Organised to present the results of the REPUTE (Renewable Energy in Public Transport Enterprise) project, the event explored the challenges of ensuring accessible public transport in rural areas. People in rural areas typically travel 50% further than people living in urban areas. Travel which is essential to daily life such as going to school or work, going shopping or getting to doctors and hospitals all requires longer journeys, mostly by car or bus. A lack of integration between different modes of transport also makes travel by car more convenient in rural areas.

Pilot projects showcased at the event included personal travel planning in Fort William; solar-powered real-time bus information signs in the Highlands and Islands region; and electric vehicle rental in rural towns in Portugal.

A new guide written by Oxford Brookes University was also launched at the event and includes lots of examples of community-based transport and energy schemes.

Signs of progress

I picked up on a few heartening signs of a shift in attitudes. Many local authorities are publicly supporting alternative energy use in their fleets and providing charging points. A recent survey showed that Scottish councils in particular are leading the way in the UK in the adoption of electric vehicles, with Dundee placed in the number 1 spot and South Lanarkshire, Glasgow and Fife also in the top 5.

  • Aberdeen now has the largest fleet of hydrogen fuel buses of any authority in Europe.
  • 2 of Edinburgh’s bus routes have switched completely to low carbon hybrid vehicles.
  • There are more electric vehicles in Scottish car clubs than the total in car clubs in the rest of the UK.
  • Elsewhere in Europe, Oslo’s initiative to open up bus lanes to electric vehicles has become a victim of its own success with the announcement in May that the law is being changed. A fifth of new cars bought in Norway in the last 3 years have been electric.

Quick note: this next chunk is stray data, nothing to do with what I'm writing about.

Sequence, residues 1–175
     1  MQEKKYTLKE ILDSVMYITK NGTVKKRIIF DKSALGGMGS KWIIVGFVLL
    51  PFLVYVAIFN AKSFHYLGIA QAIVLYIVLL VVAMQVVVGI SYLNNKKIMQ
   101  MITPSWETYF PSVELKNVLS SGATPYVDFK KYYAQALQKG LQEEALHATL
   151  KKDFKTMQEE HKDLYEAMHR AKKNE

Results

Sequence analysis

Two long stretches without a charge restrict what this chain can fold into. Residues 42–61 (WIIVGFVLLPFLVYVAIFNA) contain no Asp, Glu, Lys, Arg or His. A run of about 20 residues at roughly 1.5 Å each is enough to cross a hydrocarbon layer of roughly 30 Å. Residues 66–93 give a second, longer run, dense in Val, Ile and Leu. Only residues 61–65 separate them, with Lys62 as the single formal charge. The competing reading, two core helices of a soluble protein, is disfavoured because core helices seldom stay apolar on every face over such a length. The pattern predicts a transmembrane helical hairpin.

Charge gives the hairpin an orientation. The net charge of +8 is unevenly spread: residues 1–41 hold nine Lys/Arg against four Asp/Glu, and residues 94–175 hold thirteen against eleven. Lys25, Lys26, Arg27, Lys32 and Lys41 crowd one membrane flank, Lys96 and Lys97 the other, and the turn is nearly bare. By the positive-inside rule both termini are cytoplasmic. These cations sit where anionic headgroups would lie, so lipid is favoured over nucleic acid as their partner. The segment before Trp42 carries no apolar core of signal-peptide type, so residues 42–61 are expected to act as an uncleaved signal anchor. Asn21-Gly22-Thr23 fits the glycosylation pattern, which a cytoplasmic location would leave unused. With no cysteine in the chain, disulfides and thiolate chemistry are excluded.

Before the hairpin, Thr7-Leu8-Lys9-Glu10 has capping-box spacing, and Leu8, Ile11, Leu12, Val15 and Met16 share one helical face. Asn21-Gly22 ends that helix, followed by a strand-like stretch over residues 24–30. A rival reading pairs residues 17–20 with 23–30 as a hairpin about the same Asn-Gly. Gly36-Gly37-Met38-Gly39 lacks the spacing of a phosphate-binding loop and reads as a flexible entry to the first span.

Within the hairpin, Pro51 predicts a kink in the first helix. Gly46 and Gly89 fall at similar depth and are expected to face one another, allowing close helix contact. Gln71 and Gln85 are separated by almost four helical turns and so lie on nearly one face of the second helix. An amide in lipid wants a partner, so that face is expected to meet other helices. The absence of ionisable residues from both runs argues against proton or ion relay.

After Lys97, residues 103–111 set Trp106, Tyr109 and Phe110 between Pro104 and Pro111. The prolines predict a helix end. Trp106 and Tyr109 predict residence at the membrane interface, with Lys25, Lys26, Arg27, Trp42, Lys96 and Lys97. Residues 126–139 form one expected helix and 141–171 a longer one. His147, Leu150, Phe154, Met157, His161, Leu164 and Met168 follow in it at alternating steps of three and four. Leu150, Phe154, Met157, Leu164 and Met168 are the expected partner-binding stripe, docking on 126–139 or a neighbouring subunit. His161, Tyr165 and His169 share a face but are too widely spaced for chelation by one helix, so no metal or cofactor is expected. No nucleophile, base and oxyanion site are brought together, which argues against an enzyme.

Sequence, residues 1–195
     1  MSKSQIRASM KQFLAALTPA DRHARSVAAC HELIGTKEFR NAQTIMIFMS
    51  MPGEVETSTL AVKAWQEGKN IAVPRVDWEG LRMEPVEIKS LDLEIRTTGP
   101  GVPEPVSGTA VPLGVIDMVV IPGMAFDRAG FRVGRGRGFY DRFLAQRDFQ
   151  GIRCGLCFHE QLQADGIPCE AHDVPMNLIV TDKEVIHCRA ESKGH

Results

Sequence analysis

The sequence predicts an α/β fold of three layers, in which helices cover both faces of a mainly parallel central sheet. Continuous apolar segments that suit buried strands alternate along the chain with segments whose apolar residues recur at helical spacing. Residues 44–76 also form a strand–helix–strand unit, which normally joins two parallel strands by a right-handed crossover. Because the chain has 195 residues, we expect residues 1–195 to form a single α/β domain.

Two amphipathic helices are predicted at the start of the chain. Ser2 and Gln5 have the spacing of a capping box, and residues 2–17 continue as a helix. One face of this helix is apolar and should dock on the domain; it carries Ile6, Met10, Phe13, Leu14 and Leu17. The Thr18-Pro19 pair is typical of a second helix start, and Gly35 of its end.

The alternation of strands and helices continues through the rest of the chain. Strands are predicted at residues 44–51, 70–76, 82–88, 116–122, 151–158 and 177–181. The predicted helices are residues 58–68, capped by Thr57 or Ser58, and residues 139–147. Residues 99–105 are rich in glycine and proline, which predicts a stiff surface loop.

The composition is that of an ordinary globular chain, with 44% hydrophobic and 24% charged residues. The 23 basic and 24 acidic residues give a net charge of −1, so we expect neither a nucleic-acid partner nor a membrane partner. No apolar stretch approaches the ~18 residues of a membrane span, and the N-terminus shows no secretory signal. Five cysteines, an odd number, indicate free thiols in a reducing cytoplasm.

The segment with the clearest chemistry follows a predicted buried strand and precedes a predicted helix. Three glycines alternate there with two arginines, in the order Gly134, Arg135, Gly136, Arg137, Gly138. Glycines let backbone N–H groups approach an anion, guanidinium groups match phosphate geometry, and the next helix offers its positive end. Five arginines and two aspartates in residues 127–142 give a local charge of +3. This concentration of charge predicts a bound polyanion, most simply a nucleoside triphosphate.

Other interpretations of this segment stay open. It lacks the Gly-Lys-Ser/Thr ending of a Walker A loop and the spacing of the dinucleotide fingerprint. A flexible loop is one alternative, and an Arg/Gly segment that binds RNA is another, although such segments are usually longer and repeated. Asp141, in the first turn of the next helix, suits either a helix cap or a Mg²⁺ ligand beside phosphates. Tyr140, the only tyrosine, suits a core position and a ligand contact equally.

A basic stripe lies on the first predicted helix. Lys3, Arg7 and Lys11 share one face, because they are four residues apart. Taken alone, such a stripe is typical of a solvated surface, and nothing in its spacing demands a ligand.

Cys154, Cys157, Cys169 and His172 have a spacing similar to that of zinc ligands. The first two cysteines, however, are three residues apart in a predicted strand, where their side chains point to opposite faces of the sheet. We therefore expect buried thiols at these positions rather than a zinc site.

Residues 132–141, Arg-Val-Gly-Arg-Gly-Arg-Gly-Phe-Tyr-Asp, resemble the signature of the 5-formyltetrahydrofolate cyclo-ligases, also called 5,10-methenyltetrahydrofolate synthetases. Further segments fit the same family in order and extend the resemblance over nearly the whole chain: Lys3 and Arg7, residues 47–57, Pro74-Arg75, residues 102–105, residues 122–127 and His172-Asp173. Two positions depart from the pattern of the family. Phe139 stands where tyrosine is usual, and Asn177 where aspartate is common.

A key aspect of pilot schemes is to introduce the public to new energy solutions in a way that is engaging. For example, visitors to the Brecon Beacons National Park can hire electric cars to travel around the area, turning eco travel into a fun activity in itself. A new ‘poo bus’ which runs in Bristol and is fuelled by bio-waste, is a witty way to spark debate about alternative fuel sources. And in Oxford, the city is transforming into a Living Lab for integrated transport experimentation.

Public transport as eco-transport

The need for a transport system which is cleaner and less-energy dependent is clear – the transport sector is the fastest growing source of greenhouse gas emissions.

However investing in innovative renewable energy technologies at a time of budget constraints, requires government and local authorities to show leadership and vision. More importantly, there won’t be a step change in behaviour and attitudes without imaginative approaches to community engagement. Locally-led projects such as those highlighted by REPUTE’s guide are a great way to do this.


The Knowledge Exchange specialises in public and social policy. To gain an insight into the commentary it offers, please explore our publications page on the Knowledge Exchange website.

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Building Britain’s future: how the Infrastructure Act will affect local authorities

By Steven McGinty

After several months of debate, the Infrastructure Act was given royal assent on the 12th February 2015, introducing a number of important changes. The Bill was announced in the Queen’s Speech with the intention to:

“bolster investment in infrastructure and reform planning law to improve economic competitiveness”.

On the day of its assent, Transport Secretary, Patrick McLoughlin, expanded on this, explaining that:

“This act will hugely boost Britain’s competitiveness in transport, energy provision, housing development and nationally significant infrastructure projects. Cost efficient infrastructure development is all part of the government’s long term economic plan, boosting competitiveness, jobs and growth.”

The Act has resulted in a number of policy changes.  The majority of these are relatively mundane and are unlikely to engender much public scrutiny; however, there are a few high profile and controversial changes. Below I’ve outlined some of the most important changes for local authorities, as well as communities.

Land Registry

The Act has introduced changes to Local Land Charges, transferring responsibility from individual local councils in England and Wales to the Land Registry, which will be providing a broader range of services. This was recommended in the ‘Land Registry, Wider Powers and Local Land Charges’ report, which suggested a need to standardise costs and provide a more predictable service.